• Reproduction Theory (Pierre Bourdieu, 1970s) – the assertion that schooling systems reproduce social divisions and economic structures, contrary to the popular myth that formal education is an equalizer
  • Subtractive Education – policies and practices of schooling that operate to diminish or eliminate students’ culture, typically justified as necessary to academic success
Commonly Invoked Concepts and Principles
  • Acculturation – the taking on of values and customs associated with one’s social and cultural groups
  • Indoctrination – the assertion that all acts of teaching serve to privilege some knowledge over other knowledge while instilling particular values and perspectives
  • Socialization – developing the habits and attitudes appropriate to a culture or a specific cultural situation, such as an institution or a profession
    • Habitus – one’s way of being, typically reflective of one’s history and context, as manifest in everyday habits of thought and action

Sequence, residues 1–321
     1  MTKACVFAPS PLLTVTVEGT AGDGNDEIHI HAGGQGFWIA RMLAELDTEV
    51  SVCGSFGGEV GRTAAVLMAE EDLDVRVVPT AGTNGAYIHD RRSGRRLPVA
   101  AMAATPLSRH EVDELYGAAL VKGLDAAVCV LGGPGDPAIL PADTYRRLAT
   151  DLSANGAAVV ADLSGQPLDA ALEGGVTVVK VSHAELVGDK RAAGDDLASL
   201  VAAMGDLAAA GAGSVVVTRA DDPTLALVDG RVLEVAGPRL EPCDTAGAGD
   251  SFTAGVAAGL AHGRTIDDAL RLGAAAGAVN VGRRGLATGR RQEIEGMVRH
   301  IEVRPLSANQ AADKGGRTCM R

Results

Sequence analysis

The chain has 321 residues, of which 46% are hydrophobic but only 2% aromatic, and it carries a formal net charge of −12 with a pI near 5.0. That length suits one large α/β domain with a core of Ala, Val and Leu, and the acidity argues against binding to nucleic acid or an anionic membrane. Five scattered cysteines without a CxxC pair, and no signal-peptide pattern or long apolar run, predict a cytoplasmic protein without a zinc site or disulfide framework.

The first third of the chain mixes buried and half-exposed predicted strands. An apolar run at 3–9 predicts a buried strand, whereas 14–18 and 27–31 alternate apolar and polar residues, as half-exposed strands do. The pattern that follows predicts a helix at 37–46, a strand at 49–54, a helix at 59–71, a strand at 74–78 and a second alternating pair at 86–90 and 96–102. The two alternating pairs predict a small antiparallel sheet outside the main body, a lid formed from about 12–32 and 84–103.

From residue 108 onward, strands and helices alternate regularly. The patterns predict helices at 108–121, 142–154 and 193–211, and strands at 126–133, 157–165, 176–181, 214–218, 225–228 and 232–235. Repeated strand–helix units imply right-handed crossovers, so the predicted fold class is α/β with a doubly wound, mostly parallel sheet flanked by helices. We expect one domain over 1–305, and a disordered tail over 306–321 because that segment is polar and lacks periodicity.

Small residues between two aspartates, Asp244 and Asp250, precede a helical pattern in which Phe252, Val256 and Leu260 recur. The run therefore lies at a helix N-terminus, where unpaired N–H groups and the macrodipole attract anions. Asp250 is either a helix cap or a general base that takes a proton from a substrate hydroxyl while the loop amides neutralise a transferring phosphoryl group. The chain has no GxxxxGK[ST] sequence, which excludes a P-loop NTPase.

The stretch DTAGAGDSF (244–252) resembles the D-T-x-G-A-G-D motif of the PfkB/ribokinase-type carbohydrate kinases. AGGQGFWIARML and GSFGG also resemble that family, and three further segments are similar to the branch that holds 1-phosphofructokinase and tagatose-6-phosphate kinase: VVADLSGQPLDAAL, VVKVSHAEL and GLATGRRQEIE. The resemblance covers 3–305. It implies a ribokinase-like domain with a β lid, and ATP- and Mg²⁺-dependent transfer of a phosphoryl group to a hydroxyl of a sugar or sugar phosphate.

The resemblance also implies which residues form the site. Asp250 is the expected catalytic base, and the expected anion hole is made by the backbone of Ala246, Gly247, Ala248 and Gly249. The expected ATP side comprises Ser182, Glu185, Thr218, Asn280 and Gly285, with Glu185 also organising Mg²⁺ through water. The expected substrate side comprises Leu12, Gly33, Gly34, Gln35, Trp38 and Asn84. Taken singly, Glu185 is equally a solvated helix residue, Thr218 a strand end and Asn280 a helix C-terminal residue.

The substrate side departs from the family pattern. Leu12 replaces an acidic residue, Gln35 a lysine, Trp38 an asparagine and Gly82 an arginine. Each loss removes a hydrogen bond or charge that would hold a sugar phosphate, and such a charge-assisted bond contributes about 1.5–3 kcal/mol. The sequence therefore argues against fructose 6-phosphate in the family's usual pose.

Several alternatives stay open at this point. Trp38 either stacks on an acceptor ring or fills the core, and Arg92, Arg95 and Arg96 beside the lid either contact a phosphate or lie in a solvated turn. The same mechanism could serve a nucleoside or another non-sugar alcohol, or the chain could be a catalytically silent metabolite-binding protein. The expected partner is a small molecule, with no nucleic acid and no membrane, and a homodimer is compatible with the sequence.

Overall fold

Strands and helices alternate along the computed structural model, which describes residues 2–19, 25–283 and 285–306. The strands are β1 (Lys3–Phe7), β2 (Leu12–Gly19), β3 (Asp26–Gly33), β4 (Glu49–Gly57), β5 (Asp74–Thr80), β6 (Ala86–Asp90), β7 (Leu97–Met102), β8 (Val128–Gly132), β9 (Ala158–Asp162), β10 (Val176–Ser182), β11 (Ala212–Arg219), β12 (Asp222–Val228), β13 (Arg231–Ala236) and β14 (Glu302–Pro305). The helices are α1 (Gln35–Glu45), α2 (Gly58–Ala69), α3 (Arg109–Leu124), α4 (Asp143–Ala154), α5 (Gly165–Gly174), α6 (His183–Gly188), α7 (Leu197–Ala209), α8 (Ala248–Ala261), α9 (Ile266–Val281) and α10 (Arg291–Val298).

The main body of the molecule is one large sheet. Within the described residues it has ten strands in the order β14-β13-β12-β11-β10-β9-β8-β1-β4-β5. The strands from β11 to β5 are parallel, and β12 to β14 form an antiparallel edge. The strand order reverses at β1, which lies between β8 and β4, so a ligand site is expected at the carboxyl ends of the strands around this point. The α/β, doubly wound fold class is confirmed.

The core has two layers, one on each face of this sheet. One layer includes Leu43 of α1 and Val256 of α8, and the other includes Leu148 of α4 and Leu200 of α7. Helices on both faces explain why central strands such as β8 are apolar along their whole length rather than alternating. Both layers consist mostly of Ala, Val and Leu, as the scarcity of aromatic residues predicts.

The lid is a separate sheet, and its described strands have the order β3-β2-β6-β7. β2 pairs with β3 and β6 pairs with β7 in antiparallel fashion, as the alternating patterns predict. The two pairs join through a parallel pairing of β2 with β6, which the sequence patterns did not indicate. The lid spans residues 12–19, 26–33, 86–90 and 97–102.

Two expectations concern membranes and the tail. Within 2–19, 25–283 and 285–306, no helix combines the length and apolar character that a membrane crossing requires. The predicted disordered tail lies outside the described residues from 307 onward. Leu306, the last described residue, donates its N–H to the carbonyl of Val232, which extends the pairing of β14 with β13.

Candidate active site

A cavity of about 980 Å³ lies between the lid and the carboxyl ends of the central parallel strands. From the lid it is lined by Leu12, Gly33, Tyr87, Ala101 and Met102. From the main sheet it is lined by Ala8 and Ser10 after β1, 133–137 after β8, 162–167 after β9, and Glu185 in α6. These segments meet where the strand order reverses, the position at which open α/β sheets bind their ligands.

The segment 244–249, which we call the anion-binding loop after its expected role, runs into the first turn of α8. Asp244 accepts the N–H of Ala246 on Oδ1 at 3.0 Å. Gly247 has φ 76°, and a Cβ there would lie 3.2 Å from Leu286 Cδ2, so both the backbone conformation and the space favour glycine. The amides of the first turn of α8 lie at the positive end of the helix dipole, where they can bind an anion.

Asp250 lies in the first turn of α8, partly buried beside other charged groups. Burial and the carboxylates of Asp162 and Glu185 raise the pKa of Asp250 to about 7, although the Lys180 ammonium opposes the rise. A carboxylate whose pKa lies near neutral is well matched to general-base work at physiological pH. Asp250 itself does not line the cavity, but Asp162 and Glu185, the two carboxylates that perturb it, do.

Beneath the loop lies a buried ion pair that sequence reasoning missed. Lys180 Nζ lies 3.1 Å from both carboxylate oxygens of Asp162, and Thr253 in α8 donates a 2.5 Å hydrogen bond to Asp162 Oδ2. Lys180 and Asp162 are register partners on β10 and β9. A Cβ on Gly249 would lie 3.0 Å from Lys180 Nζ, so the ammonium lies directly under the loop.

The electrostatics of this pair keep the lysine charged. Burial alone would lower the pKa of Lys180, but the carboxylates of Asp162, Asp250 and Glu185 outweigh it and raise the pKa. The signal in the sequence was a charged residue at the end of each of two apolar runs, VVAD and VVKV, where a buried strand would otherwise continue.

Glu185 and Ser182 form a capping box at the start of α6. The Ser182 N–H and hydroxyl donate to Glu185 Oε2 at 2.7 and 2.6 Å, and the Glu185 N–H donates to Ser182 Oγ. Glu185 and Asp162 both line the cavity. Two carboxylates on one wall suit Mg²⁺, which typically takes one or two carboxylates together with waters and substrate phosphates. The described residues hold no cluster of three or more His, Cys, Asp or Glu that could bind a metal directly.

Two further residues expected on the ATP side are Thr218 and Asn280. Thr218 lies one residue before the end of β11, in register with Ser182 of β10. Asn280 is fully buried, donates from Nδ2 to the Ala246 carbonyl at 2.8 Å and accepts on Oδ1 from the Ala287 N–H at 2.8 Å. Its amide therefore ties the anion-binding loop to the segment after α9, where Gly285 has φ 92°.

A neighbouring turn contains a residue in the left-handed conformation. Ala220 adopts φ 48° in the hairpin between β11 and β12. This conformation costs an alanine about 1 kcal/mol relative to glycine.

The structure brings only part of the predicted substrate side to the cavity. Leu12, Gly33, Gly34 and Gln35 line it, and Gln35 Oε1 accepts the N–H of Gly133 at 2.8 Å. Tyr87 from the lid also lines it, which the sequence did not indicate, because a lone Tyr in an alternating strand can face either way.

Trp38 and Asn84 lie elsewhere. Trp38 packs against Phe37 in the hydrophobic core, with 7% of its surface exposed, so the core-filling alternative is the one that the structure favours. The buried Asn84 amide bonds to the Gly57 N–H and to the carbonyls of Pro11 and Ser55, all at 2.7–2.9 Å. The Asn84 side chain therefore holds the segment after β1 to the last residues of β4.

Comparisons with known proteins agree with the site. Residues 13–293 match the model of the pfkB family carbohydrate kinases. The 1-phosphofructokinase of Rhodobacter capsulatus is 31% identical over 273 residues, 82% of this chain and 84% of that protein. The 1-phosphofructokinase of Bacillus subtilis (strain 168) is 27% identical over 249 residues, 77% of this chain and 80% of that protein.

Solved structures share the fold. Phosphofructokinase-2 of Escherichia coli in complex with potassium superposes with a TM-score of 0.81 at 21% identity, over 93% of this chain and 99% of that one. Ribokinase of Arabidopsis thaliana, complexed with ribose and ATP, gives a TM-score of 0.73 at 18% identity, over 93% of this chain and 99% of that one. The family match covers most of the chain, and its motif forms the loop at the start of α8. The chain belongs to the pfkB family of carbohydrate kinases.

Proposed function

• Socialization-Related Learning (Academic Socialization) (Thomas Reio, Jr., 2000s) – the learning of the behaviors, norms, and skills that are integral to functioning participants in a formal educational setting
  • Hegemony – social and cultural means by which dominant groups maintain their power – through, e.g., positions of authority, manipulation of media, and influence on Discourse (see below)
  • Discourse – In broadest terms (and as used in the title of this website), a Discourse is a system of mutually dependent and mutually supporting statements. Among Activist Discourses, the word Discourse is often used more specifically, to refer to worldviews and systems of thought that are entangled in social practices and power structures.